Sunday, 26 Sep 2021 - 20 of Tishri, 5782

French polemicist : Toulouse Jewish terror victims who were buried in Israel ‘do not belong to France’

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His remarks drew angry reactions on social media. ”To dare to question the decision of the families of the Jewish victims of Toulouse who buried their dead in Israel, in the name of their French nationality, is despicable. to compare it with the family of the murderer is infamous. Zemmour’s New Order is chilling?44 wrote Philippe Meyer, president of B’nai B’rith France, on Facebook.

French controversial columnist and polemicist Eric Zemmour drew a parallel between Mohamed Merah, the Islamist terrorist who killed  three Jewish children and a teacher in the Ozar Hatorah school in 2012, and his victims, who were all buried abroad, in Algeria and Israel.

Interviewed during a show on France 2 television on Saturday night, Zemmour, who is a potential candidate for next year presidential election, was questioned by journalist Léa Salamé who read a passage from his latest book ‘’La France n’a pas dit son dernier mot’’ (France has not said its last word), evoking the anti-Semitic attack on the Jewish school.

“The family of Mohamed Merah asked to bury him in the land of his ancestors in Algeria, and it was also known that the Jewish children murdered in front of the religious school in Toulouse would be buried in Israel. Anthropologists have taught us that we are from the country where we are buried. Murderers or innocents, executioners or victims, enemies or friends, they wanted to live in France, but as for leaving their bones, they did not choose France, foreigners above all and wanting to remain so beyond death,” wrote Eric Zemmour in the book.

Asked about this passage and the parallel he draws between the burial of the executioner and that of his victims, Zemmour responded by denouncing a “defrancization of France.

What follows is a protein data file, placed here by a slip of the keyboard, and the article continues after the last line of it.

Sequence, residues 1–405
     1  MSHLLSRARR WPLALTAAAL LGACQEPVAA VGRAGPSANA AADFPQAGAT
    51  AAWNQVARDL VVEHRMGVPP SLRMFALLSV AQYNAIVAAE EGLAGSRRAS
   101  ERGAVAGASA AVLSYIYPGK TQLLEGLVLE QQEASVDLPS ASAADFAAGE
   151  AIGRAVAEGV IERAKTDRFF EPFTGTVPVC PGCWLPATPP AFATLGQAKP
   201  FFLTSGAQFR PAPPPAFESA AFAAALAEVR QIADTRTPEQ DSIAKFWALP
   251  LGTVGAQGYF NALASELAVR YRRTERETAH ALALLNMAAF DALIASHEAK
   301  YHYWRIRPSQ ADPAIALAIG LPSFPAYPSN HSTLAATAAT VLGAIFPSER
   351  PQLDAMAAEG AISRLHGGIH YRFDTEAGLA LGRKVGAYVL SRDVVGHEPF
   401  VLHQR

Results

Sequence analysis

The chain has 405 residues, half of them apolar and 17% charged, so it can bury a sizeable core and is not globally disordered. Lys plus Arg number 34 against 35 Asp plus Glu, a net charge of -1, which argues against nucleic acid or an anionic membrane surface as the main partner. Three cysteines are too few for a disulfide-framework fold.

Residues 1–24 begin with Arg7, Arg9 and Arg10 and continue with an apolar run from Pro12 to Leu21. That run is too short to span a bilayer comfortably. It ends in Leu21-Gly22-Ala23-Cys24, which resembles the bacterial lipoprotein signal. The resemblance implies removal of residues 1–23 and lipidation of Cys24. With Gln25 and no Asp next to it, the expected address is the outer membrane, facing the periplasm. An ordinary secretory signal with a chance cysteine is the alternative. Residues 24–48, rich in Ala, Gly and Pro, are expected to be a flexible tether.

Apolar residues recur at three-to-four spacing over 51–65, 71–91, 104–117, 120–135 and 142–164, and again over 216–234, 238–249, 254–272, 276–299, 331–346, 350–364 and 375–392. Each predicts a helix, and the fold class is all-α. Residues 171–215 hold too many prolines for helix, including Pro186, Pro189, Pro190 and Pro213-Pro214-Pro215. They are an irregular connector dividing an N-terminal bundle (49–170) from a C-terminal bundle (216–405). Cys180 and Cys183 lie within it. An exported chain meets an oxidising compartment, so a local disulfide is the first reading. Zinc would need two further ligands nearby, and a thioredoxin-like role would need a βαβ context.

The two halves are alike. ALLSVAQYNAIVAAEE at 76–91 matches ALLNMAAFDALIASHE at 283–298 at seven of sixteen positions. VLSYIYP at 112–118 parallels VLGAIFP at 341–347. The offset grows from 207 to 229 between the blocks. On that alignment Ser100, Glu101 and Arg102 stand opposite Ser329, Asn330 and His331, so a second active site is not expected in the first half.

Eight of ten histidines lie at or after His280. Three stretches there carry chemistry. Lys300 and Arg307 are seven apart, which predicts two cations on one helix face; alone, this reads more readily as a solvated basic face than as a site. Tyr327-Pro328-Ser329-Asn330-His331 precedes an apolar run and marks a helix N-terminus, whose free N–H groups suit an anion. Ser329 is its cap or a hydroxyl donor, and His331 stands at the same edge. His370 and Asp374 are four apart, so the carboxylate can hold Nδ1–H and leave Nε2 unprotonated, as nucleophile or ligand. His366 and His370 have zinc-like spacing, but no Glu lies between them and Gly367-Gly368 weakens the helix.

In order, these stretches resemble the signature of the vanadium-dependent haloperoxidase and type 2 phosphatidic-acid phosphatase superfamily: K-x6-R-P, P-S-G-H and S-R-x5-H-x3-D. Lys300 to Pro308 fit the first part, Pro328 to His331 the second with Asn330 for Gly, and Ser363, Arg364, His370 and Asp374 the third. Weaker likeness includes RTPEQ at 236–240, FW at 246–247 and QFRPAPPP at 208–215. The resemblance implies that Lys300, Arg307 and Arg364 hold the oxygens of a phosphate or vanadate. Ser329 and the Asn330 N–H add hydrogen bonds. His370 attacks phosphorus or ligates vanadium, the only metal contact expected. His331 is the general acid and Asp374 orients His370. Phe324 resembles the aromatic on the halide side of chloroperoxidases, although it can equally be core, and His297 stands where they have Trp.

“But I don’t blame anything [to those relatives who had the child victims buried in Israel]!” he said nevertheless. “I try to think rationally about a situation. […] I do not blame Mohamed Merah’s parents for wanting to bury their child in Algeria: he felt Algerian. I do not blame these people, these Jewish parents, whose children were heinously massacred… They did not belong to France. Of course they did! They felt like Israelis. That’s okay. I don’t blame them. I am saying that there is a problem for us. My parents are buried in France, they are not buried in Israel. The French tragedy is that we no longer make French people. We don’t make them in school, we don’t make them on television, we don’t make them in the dominant culture… ‘’, said the 63-year-old Zemmour who is the descendent of Berber Jews who moved from Algeria to France during the French-Algerian war in the 1950s.

His remarks drew angry reactions on social media. ”To dare to question the decision of the families of the Jewish victims of Toulouse who buried their dead in Israel, in the name of their French nationality, is despicable. to compare it with the family of the murderer is infamous. Zemmour’s New Order is chilling?44 wrote Philippe Meyer, president of B’nai B’rith France, on Facebook.

During the show, Zemmour talked about his favorite subjects: immigration, French identity, Islam and Islamism, political life.

He called for assimilation measures to be put in place in France for the Muslim community, just as there were in the past for the Jewish community. “For Muslims, it is like the French Revolution and Napoleon did with the Jews,” he said. “The famous phrase of Clermont-Tonnerre you know: ‘Everything to the Jews as individuals, nothing as a nation’, well it’s the same thing. And Napoleon added, he said to the Jews: ‘’You must consider Paris as Jerusalem.’’

A recent poll has showed Zemmour could garner eight percent of the vote in the first round of the presidential election if he were to run. His candidacy could dilute the far-right vote in the first round of next April’s presidential elections, at the expense of  Marine Le Pen, leader of the National Rally.

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